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Posted September 04 2012 - 10:34 AM

[quote name="Sky Captain" url="/t/323373/how-happy-days-went-from-a-good-show-to-bad-and-became-super-popular#post_3970448"] The spin-offs aren't as bad as the Saturday morning cartoons based on them and Happy Days. Ted McGinley had nothing to do with the show sucking; it sucked because it sucked from a certain point. I think that he should have sued the Jump The Shark website for insinuating that. And, mostly thanks to that culture, things got so bad that events like Columbine happened, due to the 'cool' and 'uncool' and 'nerd' and 'geek'. Along with the increse in suicide. Maybe and perhaps that's why, in a later season, the producers and writers came up with the story in which Fonzie admitted he had a library card? Laverne and Shirley, though my mother hated it with a passion (shrieking, hysterical women always put her off, big-time) was and still is a far more identifiable show because it was about friendship and the desire to get ahead in life. Mork and Mindy took a long time to warm to, but as a vehicle for making comment on human society and culture, it worked. This said, I wouldn't rate either show as being particularly desirable to revisit in a big way. All in the Family, Maude, The Jeffersons, and other Lear shows were far more intelligent comedy. And low-brow as the comedy of Alice may be, I prefer that to any of the Marshall sit-coms.[/quote] THESE. Plus, Laverne and Shirley do make it, in a manner of speaking, and at least was about two adult girls trying to better themselves, as opposed to the silly shit going on on Happy Days that took away from the premise (Fonzie jumping a shark, stopping gangsters from taking over Arnold's place, etc.) No arguments from me there. What I want to know is why certain people want to see this show on Blu-Ray DVD when they know that it has a snowball's chance in hell of ever happening?[/quote] "Ted McGinley had nothing to do with the show sucking; it sucked because it sucked from a certain point. I think that he should have sued the Jump The Shark website for insinuating that." Sue them for what? On what grounds?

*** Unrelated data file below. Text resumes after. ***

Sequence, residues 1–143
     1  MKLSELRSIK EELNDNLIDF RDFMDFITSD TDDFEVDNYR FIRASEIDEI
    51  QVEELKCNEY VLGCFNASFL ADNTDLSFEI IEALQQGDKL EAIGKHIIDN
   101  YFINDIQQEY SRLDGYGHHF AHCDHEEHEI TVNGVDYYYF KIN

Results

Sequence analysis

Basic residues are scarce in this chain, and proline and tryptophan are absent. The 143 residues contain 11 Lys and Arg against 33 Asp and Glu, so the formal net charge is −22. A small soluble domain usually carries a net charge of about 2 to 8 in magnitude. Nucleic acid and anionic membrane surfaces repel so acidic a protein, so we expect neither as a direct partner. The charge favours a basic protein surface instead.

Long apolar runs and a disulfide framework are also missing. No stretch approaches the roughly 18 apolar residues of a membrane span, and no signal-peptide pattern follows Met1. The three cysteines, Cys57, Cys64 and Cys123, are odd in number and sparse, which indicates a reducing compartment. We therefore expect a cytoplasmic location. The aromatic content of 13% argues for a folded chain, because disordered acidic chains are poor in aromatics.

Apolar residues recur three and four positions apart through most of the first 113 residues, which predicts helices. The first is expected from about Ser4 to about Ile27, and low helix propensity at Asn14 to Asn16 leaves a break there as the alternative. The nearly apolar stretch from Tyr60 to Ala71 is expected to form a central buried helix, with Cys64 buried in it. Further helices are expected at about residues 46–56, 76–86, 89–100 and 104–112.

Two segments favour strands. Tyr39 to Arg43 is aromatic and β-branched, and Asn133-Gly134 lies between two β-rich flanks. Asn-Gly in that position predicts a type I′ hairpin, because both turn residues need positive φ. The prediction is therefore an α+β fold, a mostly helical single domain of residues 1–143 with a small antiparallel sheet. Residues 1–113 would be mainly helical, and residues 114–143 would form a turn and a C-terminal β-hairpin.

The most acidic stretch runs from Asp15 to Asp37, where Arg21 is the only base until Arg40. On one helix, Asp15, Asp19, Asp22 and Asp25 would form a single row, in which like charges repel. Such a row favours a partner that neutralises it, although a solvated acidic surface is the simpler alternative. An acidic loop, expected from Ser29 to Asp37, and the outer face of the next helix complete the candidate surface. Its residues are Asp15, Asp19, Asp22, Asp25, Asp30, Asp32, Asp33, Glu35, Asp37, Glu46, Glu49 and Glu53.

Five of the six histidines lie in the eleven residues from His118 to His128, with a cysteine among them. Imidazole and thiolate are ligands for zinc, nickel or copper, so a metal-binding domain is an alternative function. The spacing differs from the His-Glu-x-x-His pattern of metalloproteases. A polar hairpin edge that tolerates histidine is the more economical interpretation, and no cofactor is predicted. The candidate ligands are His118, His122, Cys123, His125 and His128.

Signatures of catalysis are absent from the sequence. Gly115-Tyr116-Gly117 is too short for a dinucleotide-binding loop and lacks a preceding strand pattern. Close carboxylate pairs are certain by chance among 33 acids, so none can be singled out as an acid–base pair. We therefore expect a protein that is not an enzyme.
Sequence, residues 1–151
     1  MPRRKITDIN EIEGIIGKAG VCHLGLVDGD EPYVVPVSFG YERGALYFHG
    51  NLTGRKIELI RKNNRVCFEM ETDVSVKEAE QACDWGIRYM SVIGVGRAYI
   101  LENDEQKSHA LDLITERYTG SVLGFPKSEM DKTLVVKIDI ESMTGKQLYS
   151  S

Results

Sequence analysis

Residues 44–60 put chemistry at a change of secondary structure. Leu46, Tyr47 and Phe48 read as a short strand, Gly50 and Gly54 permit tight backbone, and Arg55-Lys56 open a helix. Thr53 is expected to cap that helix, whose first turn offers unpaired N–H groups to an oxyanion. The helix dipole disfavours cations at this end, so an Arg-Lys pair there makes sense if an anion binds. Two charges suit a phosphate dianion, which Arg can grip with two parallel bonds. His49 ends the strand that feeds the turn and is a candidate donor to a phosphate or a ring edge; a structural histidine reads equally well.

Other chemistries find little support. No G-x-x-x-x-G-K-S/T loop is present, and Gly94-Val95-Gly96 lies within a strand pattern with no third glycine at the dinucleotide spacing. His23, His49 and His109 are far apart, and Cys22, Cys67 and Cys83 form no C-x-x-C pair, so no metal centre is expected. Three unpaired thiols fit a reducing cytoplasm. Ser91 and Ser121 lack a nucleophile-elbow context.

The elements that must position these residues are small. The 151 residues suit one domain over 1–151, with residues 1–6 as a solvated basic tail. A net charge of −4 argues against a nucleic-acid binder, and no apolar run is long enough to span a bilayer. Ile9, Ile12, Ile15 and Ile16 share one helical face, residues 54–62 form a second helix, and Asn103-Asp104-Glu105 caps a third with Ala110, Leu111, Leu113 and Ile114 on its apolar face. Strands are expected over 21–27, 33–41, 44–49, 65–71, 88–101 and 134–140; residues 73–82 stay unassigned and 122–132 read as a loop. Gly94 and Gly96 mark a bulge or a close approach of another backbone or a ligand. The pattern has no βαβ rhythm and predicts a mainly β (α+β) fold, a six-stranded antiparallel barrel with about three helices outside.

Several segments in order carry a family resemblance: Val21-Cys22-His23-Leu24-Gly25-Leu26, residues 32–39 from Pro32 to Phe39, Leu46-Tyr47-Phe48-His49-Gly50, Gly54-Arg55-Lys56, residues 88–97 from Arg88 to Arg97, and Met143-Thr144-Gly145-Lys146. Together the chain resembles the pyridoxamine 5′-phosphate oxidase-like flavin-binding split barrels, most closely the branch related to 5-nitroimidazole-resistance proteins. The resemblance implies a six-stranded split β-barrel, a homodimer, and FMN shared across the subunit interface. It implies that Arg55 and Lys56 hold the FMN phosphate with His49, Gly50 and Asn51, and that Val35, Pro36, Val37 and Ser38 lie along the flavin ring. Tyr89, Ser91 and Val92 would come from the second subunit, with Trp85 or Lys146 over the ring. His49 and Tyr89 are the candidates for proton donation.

#20 of 70 ONLINE   Jack P

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Posted September 04 2012 - 01:12 PM

The idea was to show that there were crude, loudmouthed, and obnoxious people in life,.

That may be the dumbest thing I have ever read in my life if your point is that the sound of a toilet flushing somehow makes this profound point about an "obnoxious person in life" whereas I suppose the Meathead was so pure and immaculate that that's why a normal bodily function on his part (that the last time I checked was a trait shared by the entire human race regardless of political beliefs) was not worthy of the same laugh-getting treatment. That's not being "urbane and sophisticated" that's just the writer demonstrating his own brand of obnoxiousnes by going for a cheap laugh in the guise of something allegedly more profound. For a legitimate "urbane and sophisticated" sitcom of the 70s, I'll say emphatically yes to Mary Tyler Moore, the Odd Couple and Bob Newhart but the Norman Lear sitcoms were anything but.